Law Religion Culture Review

Exploring the intersections of law, religion and culture. Copyright by Richard J. Radcliffe. All rights reserved.

Friday, December 31, 2010

Year in Review, 2010.

Books Read (in no particular order)

1. The Case for God (2009) by Karen Armstrong (reviewed 1/10/10);

2. In-N-Out Burger: A Behind the Counter Look at the Fast-Food Chain that Breaks All the Rules by Stacy Perman (reviewed 1/17/10);

3. Patience with God: Faith for Those Who Don't Like Religion (or Atheism) (2009) by Frank Schaeffer (reviewed 1/24/10);

4. Comeback America: Turning the Country Around and Restoring Fiscal Responsibility by David M. Walker (reviewed 1/28/10);

5. Hitch-22: A Memoir (2010) by Christopher Hitchens (reviewed 12/23/10);

6. The Big Short: Inside the Doomsday Machine (2010) by Michael Lewis (reviewed 10/13/10);

7. No One Would Listen (2010) by Harry Markopolos (reviewed 8/18/10);

8. War (2010) by Sebastian Junger (reviewed 7/22/10);

9. Courage and Consequence: My Life as a Conservative in the Fight (2010) by Karl Rove (reviewed 7/6/10);

10. The Big Sort: Why the Clustering of Like-Minded America is Tearing Us Apart (2008) by Bill Bishop (reviewed 6/13/10);

11. The Politician: An Insider's Account of John Edward's Pursuit of the Presidency and the Scandal That Brought Him Down (2010) by Andrew Young (reviewed 6/12/10);

12. Circle of Greed: The Spectacular Rise and Fall of the Lawyer Who Brought Corporate America to Its Knees (2010) by Patrick Dillon and Carl M. Cannon (reviewed 5/22/10);

13. Last Words (2009) by George Carlin with Tony Hendra (reviewed 5/19/10);

14. The Happiness Project (2009) by Gretchen Rubin (reviewed 4/21/10);

15. Jesus Wants to Save Christians: A Manifesto for the Church in Exile (2008) by Rob Bell and Don Golden (reviewed 4/10/10);

16. Nickel and Dimed: On (Not) Getting By in America by Barbara Ehrenreich (reviewed 4/9/10);

17. What the Dog Saw (2009) by Malcolm Gladwell (reviewed 4/4/10);

18. Velvet Elvis by Rob Bell (reviewed 3/15/10);

19. Working in the Shadows: A Year of Doing Jobs [Most] Americans Won't Do (2010) by Gabriel Thompson (reviewed 3/8/10);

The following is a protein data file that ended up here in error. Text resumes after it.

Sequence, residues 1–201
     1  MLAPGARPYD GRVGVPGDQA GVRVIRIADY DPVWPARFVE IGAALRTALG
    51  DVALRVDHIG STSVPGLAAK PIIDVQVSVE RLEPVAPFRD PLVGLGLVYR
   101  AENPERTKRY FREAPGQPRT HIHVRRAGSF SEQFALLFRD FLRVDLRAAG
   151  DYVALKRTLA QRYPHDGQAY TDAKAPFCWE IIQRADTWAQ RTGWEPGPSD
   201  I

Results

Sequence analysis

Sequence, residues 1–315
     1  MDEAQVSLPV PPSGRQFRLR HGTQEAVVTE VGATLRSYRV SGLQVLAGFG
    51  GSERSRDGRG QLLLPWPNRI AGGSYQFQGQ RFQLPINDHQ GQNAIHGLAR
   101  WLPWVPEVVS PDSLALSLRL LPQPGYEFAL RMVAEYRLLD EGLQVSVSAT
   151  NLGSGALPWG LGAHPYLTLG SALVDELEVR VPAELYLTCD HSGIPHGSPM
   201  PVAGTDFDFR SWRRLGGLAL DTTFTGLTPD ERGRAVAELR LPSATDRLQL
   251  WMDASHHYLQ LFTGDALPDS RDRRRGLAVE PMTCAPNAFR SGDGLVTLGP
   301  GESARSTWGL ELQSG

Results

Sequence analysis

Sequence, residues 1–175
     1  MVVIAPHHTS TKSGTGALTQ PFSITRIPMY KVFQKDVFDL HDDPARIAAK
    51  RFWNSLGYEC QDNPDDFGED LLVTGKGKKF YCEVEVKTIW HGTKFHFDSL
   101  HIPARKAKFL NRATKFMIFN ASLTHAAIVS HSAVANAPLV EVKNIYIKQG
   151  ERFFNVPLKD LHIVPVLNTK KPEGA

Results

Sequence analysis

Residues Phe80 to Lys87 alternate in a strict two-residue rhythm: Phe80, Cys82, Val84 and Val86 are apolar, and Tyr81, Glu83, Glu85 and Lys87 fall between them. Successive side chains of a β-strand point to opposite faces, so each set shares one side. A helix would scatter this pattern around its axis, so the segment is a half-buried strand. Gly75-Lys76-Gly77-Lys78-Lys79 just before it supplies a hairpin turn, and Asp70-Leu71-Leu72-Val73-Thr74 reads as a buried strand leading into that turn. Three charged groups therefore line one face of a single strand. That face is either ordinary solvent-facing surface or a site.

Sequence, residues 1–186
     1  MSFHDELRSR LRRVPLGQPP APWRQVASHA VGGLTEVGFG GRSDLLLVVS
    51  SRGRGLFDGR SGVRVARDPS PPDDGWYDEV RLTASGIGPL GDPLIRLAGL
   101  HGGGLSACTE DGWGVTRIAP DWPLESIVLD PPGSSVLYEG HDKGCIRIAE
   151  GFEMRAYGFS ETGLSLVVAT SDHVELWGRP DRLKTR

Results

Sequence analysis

20. Too Big To Fail (2009) by Andrew Ross Sorkin (reviewed February 25, 2010);

21. The Devil's Delusion: Atheism and Its Scientific Pretensions (2008) by David Berlinski (reviewed 2/24/10);

22. What's So Great About Christianity by Dinesh D'Souza (via CD) (reviewed 2/9/10);

23. $%&#@ Finish First (2010) by Tucker Max;

24. The Blind Side by Michael Lewis;

25. Liar's Poker by Michael Lewis;

26. Can I Be Sure I'm Saved by R.C. Sproul;

27. Better by John O'Brien

Losses Sustained

Dr. Lawrence Schoenhals (grandfather)

Film of the Year

Because screenwriter Aaron Sorkin improved book (The Accidental Billionaires, reviewed here on November 1, 2009), and Jesse Eisenberg and Justin Timberlake were revelations in their roles expect The Social Network to get "friended" by various award shows.

Book of the Year

Circle of Greed: The Spectacular Rise and Fall of the Lawyer Who Brought Corporate America to Its Knees by Patrick Dillon and Carl M. Cannon (reviewed 5/22/10).

Appeal of the Year

Any Question? Parts I-III (see posts on November 21, December 16 and 27, 2010).

Trial of the Year

My client sought to invalidate a grant deed purporting to remove his mother's house from her trust and granting it to his sister. The effect of this deed would have been to disinherit my client, since his mother had passed away and his sister sought to evict him from that house. I was able to show that the mother did not intend to give the property to her daughter outright. In invalidating the grant deed to the sister/daughter, the court relied upon testimony and documents of the daughter's prior attorney to the effect that the daughter knew (and acted like) the property was owned by the trust, notwithstanding the new grant deed to her. I was able to overcome the attorney-client privilege, in part, because the daughter sued her attorney and attached various documents to her court-filed documents in that prior action, which I obtained and used in my case.